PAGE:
vicinity to the AITB and is used for filling

spacecraft with liquid propellant and gases.

close

fueling

station

is

located

in

Issue 2, November 2001

The fueling station is a heated 97-m long and 41-m wide building. The building is divided into three sections: section No. 1 – filling with fuel, section No. 2 - filling with compressed gas, and section No. 3 – filling with oxidizer.

39

The external doorways and openings between the sections have hermetic seals – rolling hermetic doors 5.5 meters long and 7 meters high. The sections are equipped with 15-ton capacity bridge cranes. For the purposes of transportation, there is a rail line running through the filling rooms. The temperature in the filling rooms is kept at +5 0 C to +35 0 C. Filling rooms are equipped with “clean tents”, which provide the cleanliness class 100,000 in accordance with US Federal Standard 209 A.

6.4 Launch Complex

Launch complex is a combination of service facilities, systems and lines, which ensure accomplishing of the following tasks:

Achieving launch readiness status for the Dnepr LV and SC;

Continuous and periodical automated remote control of LV, SC and silo launcher equipment parameters; and

LV launch.

The launch complex includes:

silo launchers;

launch control center (LCC);

standard internal power supply system;

communication and control cable lines running between sites;

Issue 2, November 2001

cable lines running between sites; Issue 2, November 2001 Figure 6.4-1 Dnepr Launch Complex Facilities (Sites

Figure 6.4-1 Dnepr Launch Complex Facilities (Sites 106 and 109)

roads and technical facilities available between sites.

If active electrical interface is used or the Customer needs to monitor the SC status up to launch, the underground Facility 25 can be used for accommodation of the SC COE. This facility is located in the close vicinity of the silo launcher and is connected with it by a 80 m utility tunnel. Facility 25 is a reinforced concrete structure consisting of a number of rooms. In particular, a 67 m 2 room (5.7 by 11.8 m and 2.4 m high) will be available for the Customer’s COE.

Facility 25 has a 220/380V 3-phase 15 kWt power supply system. Required temperature (+ 15 - +25 C) is maintained by electric heaters.

0

Facility 25 can be equipped with various communications means to communicate with the LCC and other services both at Baikonur Cosmodrome and outside of it, as required by the Customer. ISDN line (64kbit/sec.) can be made available for Facility 25, if necessary.

40

In addition to that, the Customer may be offered a so-called customer monitoring post, located near the LCC at a distance of about 7 km from the launch site and Facility 25. These premises may accommodate customer’s personnel, who monitor the SC parameters up to the launch. If the parameters being monitored differ from the nominal values, the Customer will have an opportunity to suspend the pre-launch sequence no later than 3 minutes prior to launch in order to save the spacecraft.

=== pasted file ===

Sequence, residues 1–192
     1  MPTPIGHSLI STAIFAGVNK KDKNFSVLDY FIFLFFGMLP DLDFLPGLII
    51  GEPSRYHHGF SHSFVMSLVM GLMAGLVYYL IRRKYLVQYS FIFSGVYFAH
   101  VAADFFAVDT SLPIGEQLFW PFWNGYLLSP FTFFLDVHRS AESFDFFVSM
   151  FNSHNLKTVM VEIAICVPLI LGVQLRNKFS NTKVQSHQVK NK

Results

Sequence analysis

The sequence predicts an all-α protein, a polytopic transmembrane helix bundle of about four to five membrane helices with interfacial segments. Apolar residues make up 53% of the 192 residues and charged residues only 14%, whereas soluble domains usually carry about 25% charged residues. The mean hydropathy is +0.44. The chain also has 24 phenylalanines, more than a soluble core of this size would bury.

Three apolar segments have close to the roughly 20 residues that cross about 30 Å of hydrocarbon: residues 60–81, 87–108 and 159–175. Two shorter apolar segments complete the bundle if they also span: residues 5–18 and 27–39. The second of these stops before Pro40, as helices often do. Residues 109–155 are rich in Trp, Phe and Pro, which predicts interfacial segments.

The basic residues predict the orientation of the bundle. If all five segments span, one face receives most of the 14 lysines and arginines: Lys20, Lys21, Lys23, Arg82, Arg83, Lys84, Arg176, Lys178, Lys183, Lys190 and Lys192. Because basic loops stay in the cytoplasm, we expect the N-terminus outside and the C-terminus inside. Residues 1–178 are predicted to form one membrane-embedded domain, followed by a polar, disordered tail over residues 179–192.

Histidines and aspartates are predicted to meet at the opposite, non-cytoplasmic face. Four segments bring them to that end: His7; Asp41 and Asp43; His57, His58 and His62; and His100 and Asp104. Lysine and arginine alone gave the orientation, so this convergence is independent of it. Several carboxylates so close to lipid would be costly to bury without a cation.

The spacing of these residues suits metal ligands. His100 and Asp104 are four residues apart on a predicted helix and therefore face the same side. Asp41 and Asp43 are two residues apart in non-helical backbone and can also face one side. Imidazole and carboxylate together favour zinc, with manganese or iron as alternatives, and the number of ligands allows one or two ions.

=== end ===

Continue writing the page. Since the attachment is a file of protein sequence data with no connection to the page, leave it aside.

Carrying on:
3 minutes prior to launch in order to save the spacecraft. Figure 6.4-2 Transporter Erector A

Figure 6.4-2 Transporter Erector

A transporter

erector,

Issue 2, November 2001

equipped with a

system that allows to maintain certain temperature and humidity conditions, is used for transportation of the SHM containing the SC from AITB to the silo launcher for integration with the launch vehicle.

The launch of the LV and control over the launch command execution are carried out via wire communications by the remote control system, the equipment of which is located at the LCC.

If the launch is cancelled or postponed, or it is necessary to detach the SHM from the launch vehicle, the operations are conducted in a sequence reverse to the SHM/LV integration sequence.

In case of spacecraft on-board equipment malfunction, or if it is necessary to re- check the spacecraft at the SC processing facility, operations of it’s delivery to the processing facility (Site 42 or 31) are performed in a reverse sequence of SC integration with the SHM.

41

7. Baikonur Operations Flow

Spacecraft and launch vehicle preparation operations are divided into several stages, which may overlap depending on the spacecraft preparation requirements:

SC / SHM integration;

transportation of SHM containing SC by transporter erector to the silo launcher;

preparation of LV for integration with SHM;